Intensified Agitations; An exercise to yield an improvement in our music industry?

M.anifest

It is trite
knowledge that artistes record songs to serve several purposes. Primarily, it
is commonly known that they record songs to entertain. There are other motives
that also enkindle them to assemble lyrics. One of such motives is when they
have some serious concerns to make. In that regard, they adopt the music as a
medium to ventilate their grievances. Barely 2 weeks ago, steadily rising
Madina based rapper, Ayat released a single featuring his fellow Madina based
artiste, M.anifest. Titled  Kudi, which literally translates to mean
money, the subject matter of the song, the Madina duo submitted their
contributions on the Magnom assembled instrumental. In his submission, The ‘god
MC’ expressed some noteworthy concerns about the apparently pitiable state of
the existing Ghanaian music industry. 

“We pay for
videos, we pay for studios, blowing our savings oh it hurts……
No record labels,
we are the label…..
Forget your
loyalties, pay me my royalties Ghana music industry is a fable….
No golden rule,
those who have all the gold make all the rules”
The above
highlighted lyrics are excerpts of M.anifest’s verse on the said tune.  It is apparent on the face of the lyrics
above that M.anifest raised some genuine concerns about our industry. He
lamented on the purportedly non-existing and ineffective structures in the
industry, the resources the artistes invest into their brand which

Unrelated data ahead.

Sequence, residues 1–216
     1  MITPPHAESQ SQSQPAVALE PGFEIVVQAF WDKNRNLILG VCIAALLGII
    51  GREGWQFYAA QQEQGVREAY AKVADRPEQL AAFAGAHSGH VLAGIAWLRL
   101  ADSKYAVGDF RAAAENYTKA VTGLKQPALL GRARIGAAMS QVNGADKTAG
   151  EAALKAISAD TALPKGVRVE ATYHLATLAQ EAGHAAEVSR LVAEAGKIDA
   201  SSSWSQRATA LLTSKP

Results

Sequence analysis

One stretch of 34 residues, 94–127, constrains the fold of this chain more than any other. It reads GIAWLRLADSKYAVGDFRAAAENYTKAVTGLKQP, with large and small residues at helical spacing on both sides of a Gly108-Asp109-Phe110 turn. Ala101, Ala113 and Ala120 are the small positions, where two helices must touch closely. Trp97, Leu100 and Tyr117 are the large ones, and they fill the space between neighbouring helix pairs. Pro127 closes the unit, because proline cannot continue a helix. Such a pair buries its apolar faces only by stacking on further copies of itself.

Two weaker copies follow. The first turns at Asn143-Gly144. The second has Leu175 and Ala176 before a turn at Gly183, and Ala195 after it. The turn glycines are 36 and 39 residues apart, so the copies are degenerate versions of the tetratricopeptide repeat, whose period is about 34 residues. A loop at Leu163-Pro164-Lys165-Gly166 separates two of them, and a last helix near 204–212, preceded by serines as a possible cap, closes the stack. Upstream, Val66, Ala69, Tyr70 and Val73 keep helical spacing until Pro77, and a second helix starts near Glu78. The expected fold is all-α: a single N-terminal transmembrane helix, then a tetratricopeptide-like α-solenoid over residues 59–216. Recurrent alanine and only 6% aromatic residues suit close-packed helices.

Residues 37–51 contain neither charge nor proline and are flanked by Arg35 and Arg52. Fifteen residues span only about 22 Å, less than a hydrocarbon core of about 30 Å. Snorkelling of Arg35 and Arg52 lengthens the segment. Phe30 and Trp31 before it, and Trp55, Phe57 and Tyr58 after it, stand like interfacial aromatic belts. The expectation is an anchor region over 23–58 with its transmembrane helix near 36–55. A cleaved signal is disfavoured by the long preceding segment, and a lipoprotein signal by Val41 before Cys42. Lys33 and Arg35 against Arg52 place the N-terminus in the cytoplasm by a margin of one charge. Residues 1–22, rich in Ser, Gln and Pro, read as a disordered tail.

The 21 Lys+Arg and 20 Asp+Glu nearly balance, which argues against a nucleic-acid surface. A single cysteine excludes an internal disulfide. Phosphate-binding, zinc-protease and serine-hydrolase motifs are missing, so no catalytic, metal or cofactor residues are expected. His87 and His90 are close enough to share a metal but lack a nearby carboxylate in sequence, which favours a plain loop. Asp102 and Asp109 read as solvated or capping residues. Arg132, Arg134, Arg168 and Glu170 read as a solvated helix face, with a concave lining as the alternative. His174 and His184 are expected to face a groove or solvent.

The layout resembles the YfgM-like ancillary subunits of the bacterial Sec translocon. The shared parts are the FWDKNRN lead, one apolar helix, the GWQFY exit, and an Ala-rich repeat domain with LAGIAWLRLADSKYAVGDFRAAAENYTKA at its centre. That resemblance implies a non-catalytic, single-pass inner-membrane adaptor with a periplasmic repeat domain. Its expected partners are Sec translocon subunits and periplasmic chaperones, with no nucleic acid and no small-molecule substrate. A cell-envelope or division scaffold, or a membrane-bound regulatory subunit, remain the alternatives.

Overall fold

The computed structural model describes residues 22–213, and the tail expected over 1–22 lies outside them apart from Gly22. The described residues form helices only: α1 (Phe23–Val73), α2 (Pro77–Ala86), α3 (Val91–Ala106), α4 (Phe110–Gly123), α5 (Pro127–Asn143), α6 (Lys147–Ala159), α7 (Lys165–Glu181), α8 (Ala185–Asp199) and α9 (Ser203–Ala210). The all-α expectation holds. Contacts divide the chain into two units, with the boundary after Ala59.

unfortunately does not yield the merited returns they must be entitled to. He
also implicitly conveyed a demand to the Ghana Music Rights Organization
(GHAMRO), the body approved by law to undertake collective rights management
for musical works, to pay him his royalties.
Stonebwoy and Shatta Wale
Further, controversial
Dancehall Heavyweight, Shatta Wale has also on several occasions voiced out his
lamentations on what is deemed to be the ineffectiveness of existing structures
in the music industry. He recently demonstrated his passionate concern about
the industry once again with a single christened Ghamro. In the song, he reiterated his demand to GHAMRO to provide
him with his entitlements.

Recently, in a
video Akoo Nana posted on Facebook, the artiste expressed a vehement
displeasure at the existing state of the Ghanaian music industry which
according to him, does not offer an enabling environment which sufficiently
generate the returns that merit the artistes’ output. Akoo Nana radically called
for a revolution to remedy the existing status quo.

The premises
outlined above, including several others not outlined here gives an indication
that generally, our artistes are apparently no longer just mere spectators but
have decided to be citizens. I can see them resorting to what is expected of
them to do as primary stakeholders of the music industry. There has been an
intensified expression of concern about the state of the music industry. More
artistes have been joining in the advocacies, activism, demands for
accountability from the mandated quarters, inter alia.  Other stakeholders such as journalists,
bloggers, industry persons and other concerned persons have also registered
their participation in the activism.  It
is commendable. I hope this commendable activism does not end up as an exercise
in futility but rather, would ignite the implementation of the recommended
pragmatic measures for the betterment of the industry. I would however humbly
advice that the various agitations are submitted in a very decorous manner
devoid of vituperation and wild unsubstantiated allegations. 
By Seth Mireku.
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